From: Grant Callaghan (firstname.lastname@example.org)
Date: Sat 07 Dec 2002 - 15:46:38 GMT
I would agree, except I would say the narrative viewpoint is the cause
rather than the result. I suspect that Chomsky was right about the genetic
structure of some elements of language and that the narrative viewpoint is
one of them. It's part of our grammar and the hunger for order. A story
without beginning or end fails to satisfy the reader more often than not. I
remember feeling that way when I read the second book of Lord of the Rings.
It wasn't until I found out that the trilogy was supposed to be a single
book that I lost that feeling disappointment. I also find that need for a
beginning and end in the literature of China and Japan. That doesn't make
it universal, but it sure spreads it over a wide range of human behavior.
>Jeremy, this is fascinating and a most useful concept. Strands of memes,
>with, we automatically assume, defined beginnings and ends. Yes, we
>complain when movies leave questions unresolved, or when an ending is not
>satisfactory. The shape of the initial part of the strand creates in us,
>thanks to the 'literary conditioning', expectations about how it will
>'end' -- and that it must.
>Excellent. I am very interested in what else you might share on this.
> > -----Original Message-----
> > From: email@example.com [mailto:firstname.lastname@example.org]On Behalf
> > Of Jeremy Bradley
> > Sent: Saturday, December 07, 2002 5:46 AM
> > To: email@example.com
> > Subject: RE: Why Europe is so Contrary
> > SNIP.......Steve:
> > >Also,implicit in your statement seems to be the idea that social
> > evolution
> > has a
> > >destination? Society changes, and good or ill are relative to
> > the society of
> > >the observer.
> > >
> > >Regards
> > >
> > >Steve.
> > >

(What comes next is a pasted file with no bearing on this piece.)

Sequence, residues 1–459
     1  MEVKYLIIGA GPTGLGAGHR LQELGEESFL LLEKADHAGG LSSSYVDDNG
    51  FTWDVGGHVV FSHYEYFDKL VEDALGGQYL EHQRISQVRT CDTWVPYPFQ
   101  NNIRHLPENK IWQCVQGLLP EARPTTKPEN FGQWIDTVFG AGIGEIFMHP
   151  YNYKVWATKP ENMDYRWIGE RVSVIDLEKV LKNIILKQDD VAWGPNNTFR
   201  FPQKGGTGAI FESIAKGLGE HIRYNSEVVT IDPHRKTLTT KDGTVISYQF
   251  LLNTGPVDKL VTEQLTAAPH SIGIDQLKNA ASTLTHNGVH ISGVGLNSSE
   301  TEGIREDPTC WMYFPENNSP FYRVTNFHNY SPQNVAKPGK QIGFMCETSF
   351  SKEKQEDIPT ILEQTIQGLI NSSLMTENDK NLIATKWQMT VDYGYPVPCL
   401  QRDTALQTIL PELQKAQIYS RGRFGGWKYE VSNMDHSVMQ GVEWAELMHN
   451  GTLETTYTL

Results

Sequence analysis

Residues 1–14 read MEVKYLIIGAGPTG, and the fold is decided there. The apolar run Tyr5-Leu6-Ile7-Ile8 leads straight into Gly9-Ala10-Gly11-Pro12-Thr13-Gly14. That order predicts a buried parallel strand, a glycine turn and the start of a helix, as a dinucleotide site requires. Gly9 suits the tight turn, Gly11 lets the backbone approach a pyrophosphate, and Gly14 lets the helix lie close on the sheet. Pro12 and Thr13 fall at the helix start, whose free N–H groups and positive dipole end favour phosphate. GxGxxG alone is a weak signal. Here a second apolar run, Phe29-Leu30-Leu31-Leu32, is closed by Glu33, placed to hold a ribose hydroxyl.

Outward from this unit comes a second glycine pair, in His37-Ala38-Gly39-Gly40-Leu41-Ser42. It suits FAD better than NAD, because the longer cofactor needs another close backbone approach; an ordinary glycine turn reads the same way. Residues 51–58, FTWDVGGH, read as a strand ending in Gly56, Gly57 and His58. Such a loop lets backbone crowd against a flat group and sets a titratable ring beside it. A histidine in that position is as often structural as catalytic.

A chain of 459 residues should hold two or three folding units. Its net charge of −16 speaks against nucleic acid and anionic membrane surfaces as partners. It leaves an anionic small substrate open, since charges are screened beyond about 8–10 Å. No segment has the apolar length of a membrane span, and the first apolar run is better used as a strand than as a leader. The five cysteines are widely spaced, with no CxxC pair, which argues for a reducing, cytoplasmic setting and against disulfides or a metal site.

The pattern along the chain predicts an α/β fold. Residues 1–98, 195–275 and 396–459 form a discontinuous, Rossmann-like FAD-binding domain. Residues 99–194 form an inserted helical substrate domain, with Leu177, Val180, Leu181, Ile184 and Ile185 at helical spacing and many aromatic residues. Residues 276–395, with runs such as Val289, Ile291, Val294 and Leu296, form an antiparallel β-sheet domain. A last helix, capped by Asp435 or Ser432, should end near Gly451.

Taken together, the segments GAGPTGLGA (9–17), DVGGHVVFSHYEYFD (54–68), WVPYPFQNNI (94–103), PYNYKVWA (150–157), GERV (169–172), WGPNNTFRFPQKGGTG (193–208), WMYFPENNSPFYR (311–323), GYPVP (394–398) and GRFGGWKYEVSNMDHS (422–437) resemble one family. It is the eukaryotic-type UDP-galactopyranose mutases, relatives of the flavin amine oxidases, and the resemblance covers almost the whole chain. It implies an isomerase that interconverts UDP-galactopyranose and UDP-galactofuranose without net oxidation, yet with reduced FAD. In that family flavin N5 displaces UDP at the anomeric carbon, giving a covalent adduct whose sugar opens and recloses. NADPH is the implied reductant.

> > Hi Steve
> > In my study of narrative form I developed a theory that the linear
> > rhetorical form of outcome based narratives, such as we all grew up
> > normalise the notion that outcomes and destinations are the inevitable
> > result of existence.
> > In my memetics, subtle cultural notions such as these are part of a
> > sets of information ( culture memes which form a complete 'strand', or
> > cneme, for want of a better word) which constrains the production of
> > culture so that evolution can't happen outside of previously set
> > perameters.
> > It is the 'cenemes', of which I have only mentioned one, which make
> > appear to be good or bad to different peoples (as our current case-study
> > clearly shows).
> > Like the mapping of the human genome, the mapping of a cultural cneme is
> > possible through the analysis of the most enduring elements of
> > that culture
> > - its narratives and their form.
> > 'owzat Steve?
> > Jeremy
> > ===============================================================
> > This was distributed via the memetics list associated with the
> > Journal of Memetics - Evolutionary Models of Information Transmission
> > For information about the journal and the list (e.g. unsubscribing)
> > see: http://www.cpm.mmu.ac.uk/jom-emit
>This was distributed via the memetics list associated with the
>Journal of Memetics - Evolutionary Models of Information Transmission
>For information about the journal and the list (e.g. unsubscribing)
STOP MORE SPAM with the new MSN 8 and get 2 months FREE*
This was distributed via the memetics list associated with the
Journal of Memetics - Evolutionary Models of Information Transmission
For information about the journal and the list (e.g. unsubscribing)
This archive was generated by hypermail 2.1.5 : Sat 07 Dec 2002 - 15:49:41 GMT